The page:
Israel Cohen, Giant Food's chairman, dies at 83 He led business known for charity and innovation

November 24, 1995|By Alec Matthew Klein and Shirley Leung | Alec Matthew Klein and Shirley Leung,SUN STAFF Paul McCardell of the research desk contributed to this article.

Israel Cohen, a visionary who once drove the only truck in his family's grocery business and later turned Giant Food Inc. into the region's dominant chain, died Wednesday night, leaving a legacy of supermarket innovations but uncertainty about who will control the 59-year-old company.

Mr. Cohen, known in the supermarket industry as Izzy, was 83 when he died about 11:30 p.m. at his home in Northwest Washington, surrounded by his family, after a long bout with non-Hodgkin's lymphoma, a form of cancer.

"It's a very sad time for all of us in the company and for Mr. Cohen's family," said Dave Rutstein, Giant's senior vice president and general counsel. "Izzy was an extraordinary man. He truly was one of the deans of the supermarket industry, a very humble man, a man who wanted Giant to be pre-eminent and not himself."

Mr. Cohen inherited the family mantle in 1964 and built a company with about 90 groceries into the 12th-largest food chain in the United States today in sales volume, a powerhouse with 164 stores, stretching from Washington to New Jersey and including about 75 supermarkets in the Baltimore region.

Mr. Cohen's reach extended far beyond shoppers. He made Giant one of the region's leading corporate donors -- contributing tens of millions of dollars for education, community groups and children's health and welfare. But he gave quietly.

"He was very much of an introvert. He didn't like to make small talk," said former Gov. William Donald Schaefer."But he was a tower of strength in the business world."

Mr. Schaefer said Mr. Cohen was so reticent that it took 25 invitations before he agreed to have lunch at the Governor's Mansion. "He did not want to come but someone said, 'He is the governor,' " recalled Mr. Schaefer. "He had a good time, because I had a good time."

Although Mr. Cohen embodied the spirit and force of Landover-based Giant, a business co-founded in 1936 by his father, Nehemiah, he had not actively managed the company for about two years, analysts said.

The company, with more than 26,000 employees, has been led by Pete L. Manos, 58, whom Mr. Cohen named president in September 1992 after pressure from jittery Wall Street analysts who were concerned that Mr. Cohen was not making plans for a successor.

The selection of a new chairman and chief executive officer will be addressed at the company's next regular board meeting Thursday.

"From an operational standpoint, it probably won't have a lot of impact, because Giant has a broad and deep management team," said H. B. Tom Thomson, an analyst with Wheat First Butcher Singer in Richmond, Va. "This company probably will be run pretty much the same way. But from a more global standpoint, this might open up the acquisition of the whole company by Sainsbury."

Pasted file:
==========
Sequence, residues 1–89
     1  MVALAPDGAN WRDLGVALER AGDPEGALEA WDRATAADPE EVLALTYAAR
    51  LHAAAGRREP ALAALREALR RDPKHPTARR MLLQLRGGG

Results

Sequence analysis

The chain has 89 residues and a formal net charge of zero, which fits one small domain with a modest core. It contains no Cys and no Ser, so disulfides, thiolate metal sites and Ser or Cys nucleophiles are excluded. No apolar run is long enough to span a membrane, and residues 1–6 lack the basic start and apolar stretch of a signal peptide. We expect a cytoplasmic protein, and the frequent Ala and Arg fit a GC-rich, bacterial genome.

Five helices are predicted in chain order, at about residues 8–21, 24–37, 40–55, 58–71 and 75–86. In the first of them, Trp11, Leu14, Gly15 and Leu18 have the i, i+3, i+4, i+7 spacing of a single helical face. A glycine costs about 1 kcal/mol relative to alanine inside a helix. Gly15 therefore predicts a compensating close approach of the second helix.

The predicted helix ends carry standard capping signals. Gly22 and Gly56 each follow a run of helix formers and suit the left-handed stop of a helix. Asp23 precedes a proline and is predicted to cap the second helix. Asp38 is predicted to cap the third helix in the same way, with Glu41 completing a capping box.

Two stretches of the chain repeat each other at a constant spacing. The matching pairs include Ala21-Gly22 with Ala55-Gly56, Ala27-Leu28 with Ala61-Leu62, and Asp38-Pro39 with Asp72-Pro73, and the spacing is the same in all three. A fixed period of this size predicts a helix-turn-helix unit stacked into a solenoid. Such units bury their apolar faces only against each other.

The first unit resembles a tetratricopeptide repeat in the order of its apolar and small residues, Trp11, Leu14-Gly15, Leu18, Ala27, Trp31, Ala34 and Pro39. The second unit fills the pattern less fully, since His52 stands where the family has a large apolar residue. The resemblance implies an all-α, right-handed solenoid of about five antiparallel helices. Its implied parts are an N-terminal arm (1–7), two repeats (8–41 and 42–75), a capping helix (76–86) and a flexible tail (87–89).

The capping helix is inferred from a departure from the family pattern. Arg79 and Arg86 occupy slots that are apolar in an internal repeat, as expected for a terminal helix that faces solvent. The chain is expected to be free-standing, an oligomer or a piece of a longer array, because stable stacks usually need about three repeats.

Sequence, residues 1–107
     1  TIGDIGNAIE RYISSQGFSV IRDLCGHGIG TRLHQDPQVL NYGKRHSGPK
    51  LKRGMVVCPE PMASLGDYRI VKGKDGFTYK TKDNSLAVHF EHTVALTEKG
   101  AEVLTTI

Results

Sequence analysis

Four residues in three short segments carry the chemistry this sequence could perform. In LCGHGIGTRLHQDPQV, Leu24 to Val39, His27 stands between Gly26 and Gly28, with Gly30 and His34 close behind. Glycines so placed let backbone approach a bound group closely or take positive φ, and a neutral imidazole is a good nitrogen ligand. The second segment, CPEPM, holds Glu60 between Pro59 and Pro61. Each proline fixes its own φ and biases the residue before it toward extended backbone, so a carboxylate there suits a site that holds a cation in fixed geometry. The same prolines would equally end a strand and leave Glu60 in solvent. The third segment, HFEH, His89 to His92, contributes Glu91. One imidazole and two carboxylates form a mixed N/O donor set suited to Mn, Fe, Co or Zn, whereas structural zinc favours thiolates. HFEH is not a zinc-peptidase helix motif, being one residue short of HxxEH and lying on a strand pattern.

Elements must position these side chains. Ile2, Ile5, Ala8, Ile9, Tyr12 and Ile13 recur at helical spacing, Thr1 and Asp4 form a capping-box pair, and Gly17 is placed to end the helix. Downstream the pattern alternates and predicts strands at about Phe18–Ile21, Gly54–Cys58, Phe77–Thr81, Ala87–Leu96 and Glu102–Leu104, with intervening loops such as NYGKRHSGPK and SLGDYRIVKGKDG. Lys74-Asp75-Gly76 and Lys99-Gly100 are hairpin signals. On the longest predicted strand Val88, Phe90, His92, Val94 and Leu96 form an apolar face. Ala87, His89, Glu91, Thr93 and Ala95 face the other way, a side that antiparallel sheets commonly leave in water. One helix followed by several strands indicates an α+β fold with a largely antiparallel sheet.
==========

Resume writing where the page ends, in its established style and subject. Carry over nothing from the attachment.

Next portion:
London-based J. Sainsbury PLC, the No. 1 grocer in Britain, bought a 16 percent ownership stake in Giant for $325 million in October 1994. Although Giant stock trades publicly, Sainsbury controls three of the company's seven seats on the board of directors and Mr. Cohen selected the other four.

Sainsbury officials could not be reached for comment last night. At Giant's annual shareholder meeting in September, David J. Sainsbury, Sainsbury's chairman and chief executive, declined to speculate about his company's future position in Giant.

Mr. Cohen in 1984 tried to provide for a line of succession. Under the terms of his will, the company said, Mr. Cohen has created a team of four senior officers and his sister, Lillian Cohen Solomon, to assume control of his shares in the company, which entitles them to elect four directors.

"I have carefully conceived, designed and written my estate plan so that my sister, Lillian Cohen Solomon, and the management group, and not any other members of my family, will exercise all the voting rights of [his] stock," Mr. Cohen said in his will, according to the company. "I have chosen this estate plan because none of the members of my family have had any experience or interest in operating Giant Food Inc."

A holding company will own his 125,000 shares of voting stock, which will be controlled by his sister and the four officers. But the financial interest in his shares will go to a family foundation. The holding company was named the 1224 Corp. because the numbers resemble "Izzy."

Israel Cohen, born Nov. 21, 1912, left his native Palestine for the United States when he was 9 years old to join his father, Nehemiah Myer Cohen. The elder Mr. Cohen came to America in 1914, eventually settling in Lancaster, Pa., where he ran three small butcher shops.

When another kosher butcher shop opened in Lancaster, Mr. Cohen decided to join with Harrisburg, Pa., wholesaler Samuel Lehrman in a Washington venture. They figured federal government growth would provide a steady flow of customers.

On Feb. 6, 1936 -- in the middle of a snow storm -- they opened the first Giant Food store on Georgia Avenue and Park Road. Israel Cohen drove the store's only truck.

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